Wall Street gains on U.S.-China trade optimism; Trump declares emergency
By Amy Caren Daniel (Reuters) - Wall Street's main indexes were set on Friday to post their biggest weekly gain in nearly a month, as investors were optimistic about the ongoing trade talks to resolve a bruising tariff dispute between the United States and China. President Donald Trump said talks with China 'are going extremely well', and the U.S.
By Amy Caren Daniel
(Reuters) - Wall Street's main indexes were set on Friday to post their biggest weekly gain in nearly a month, as investors were optimistic about the ongoing trade talks to resolve a bruising tariff dispute between the United States and China.
President Donald Trump said talks with China "are going extremely well", and the U.S. is closer than ever to having a "real" trade deal with Beijing. Discussions between the world's largest economies will continue next week in Washington.
"Today's sentiment is mainly based on trade progress and the fact that we will see Chinese representatives in D.C., it seems like the talks are going to deliver results sooner-than-expected," said Edward Moya, market analyst at futures brokerage Oanda in New York.
Hopes of a trade deal ahead of a March 1 deadline has helped the trade-sensitive industrials gain nearly 17 percent so far this year, making it the best performing S&P sector.
The group rose 1.13 percent boosted by bellwethers Boeing Co and Caterpillar Inc.
The markets shrugged off Trump declaring a national emergency in a bid to fund his promised wall at the U.S.-Mexico border without congressional approval, an action Democrats vowed to challenge as a violation of the U.S. Constitution.
"Right now the implications of the emergency is being overlooked, because of the legal battle," Moya said.
Despite the threat of a national emergency, all 11 major S&P sectors were trading higher with financials up 1.89 percent, leading the gains.
The banking sector rose 2.62 percent boosted by big U.S. lenders. JPMorgan Chase & Co, Bank of America Corp and Wells Fargo & Co rose between 1.7 percent and 3.0 percent after Warren Buffett's Berkshire Hathaway Inc increased its stake in the companies.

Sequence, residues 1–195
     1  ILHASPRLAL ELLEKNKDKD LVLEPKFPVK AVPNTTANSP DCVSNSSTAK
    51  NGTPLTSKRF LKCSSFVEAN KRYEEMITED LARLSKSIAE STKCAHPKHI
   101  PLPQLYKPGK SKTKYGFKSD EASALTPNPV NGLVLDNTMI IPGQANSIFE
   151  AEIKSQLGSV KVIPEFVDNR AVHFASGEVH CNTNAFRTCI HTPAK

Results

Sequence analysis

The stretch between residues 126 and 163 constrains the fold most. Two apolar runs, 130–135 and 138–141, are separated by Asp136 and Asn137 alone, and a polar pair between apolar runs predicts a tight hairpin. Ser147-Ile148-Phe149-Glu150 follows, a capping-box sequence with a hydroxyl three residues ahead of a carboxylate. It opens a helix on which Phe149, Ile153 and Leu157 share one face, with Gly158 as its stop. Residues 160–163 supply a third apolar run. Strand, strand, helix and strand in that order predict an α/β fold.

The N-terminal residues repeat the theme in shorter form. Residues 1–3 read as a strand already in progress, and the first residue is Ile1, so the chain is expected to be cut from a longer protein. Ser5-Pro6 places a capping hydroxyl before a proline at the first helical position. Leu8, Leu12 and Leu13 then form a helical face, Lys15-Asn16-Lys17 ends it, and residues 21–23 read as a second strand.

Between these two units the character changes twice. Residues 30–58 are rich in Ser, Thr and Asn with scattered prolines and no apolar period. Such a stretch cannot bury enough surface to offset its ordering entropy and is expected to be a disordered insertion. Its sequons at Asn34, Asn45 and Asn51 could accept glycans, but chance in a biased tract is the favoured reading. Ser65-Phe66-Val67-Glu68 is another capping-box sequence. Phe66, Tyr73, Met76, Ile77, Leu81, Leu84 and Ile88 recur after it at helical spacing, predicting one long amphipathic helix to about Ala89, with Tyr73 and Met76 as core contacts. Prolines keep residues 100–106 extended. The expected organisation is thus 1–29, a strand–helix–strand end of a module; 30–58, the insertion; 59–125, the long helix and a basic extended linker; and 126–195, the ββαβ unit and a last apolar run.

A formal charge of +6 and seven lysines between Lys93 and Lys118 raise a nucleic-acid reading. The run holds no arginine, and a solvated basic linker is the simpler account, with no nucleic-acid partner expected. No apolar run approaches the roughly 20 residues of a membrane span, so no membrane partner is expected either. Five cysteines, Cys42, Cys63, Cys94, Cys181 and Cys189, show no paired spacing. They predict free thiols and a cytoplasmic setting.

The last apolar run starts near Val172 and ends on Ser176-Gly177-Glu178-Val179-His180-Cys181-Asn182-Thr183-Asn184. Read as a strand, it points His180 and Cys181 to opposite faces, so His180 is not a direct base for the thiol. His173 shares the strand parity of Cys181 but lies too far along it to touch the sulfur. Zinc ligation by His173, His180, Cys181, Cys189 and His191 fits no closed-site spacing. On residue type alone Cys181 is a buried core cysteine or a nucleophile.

At 12:55 p.m. ET the Dow Jones Industrial Average was up 345.97 points, or 1.36 percent, at 25,785.36. The S&P 500 was up 22.52 points, or 0.82 percent, at 2,768.25 and the Nasdaq Composite was up 28.54 points, or 0.38 percent, at 7,455.49.
The S&P has rallied more than 10 percent so far this year, driven by progress on trade, a dovish Federal Reserve and a largely upbeat fourth-quarter earnings reports. The benchmark index is now set to end above its 200-day moving average, a proxy for long-term momentum, for a fourth straight session.
In the last leg of earnings, analysts now see profit growth of 16.2 percent for the quarter, according to IBES data from Refinitiv. However, first-quarter estimates are less favourable, showing a 0.5 percent year-on-year decline.
PepsiCo Inc rose 3.1 percent after the soda maker said increased investments in advertising and products will boost sales growth.
Nvidia Corp rose 2.5 percent and helped push the technology sector 0.42 percent higher, after the chipmaker forecast a demand rebound by the end of the year.
Newell Brands Inc plunged 20.4 percent after it forecast lower-than-expected full-year sales due to a strong dollar.
Advancing issues outnumbered decliners for a 3.55-to-1 ratio on the NYSE and a 3.31-to-1 ratio on the Nasdaq.
The S&P index recorded 40 new 52-week highs and no new low, while the Nasdaq recorded 73 new highs and 15 new lows.
(Reporting by Amy Caren Daniel and Shreyashi Sanyal in Bengaluru; Editing by Arun Koyyur and Shounak Dasgupta)
This story has not been edited by Firstpost staff and is generated by auto-feed.
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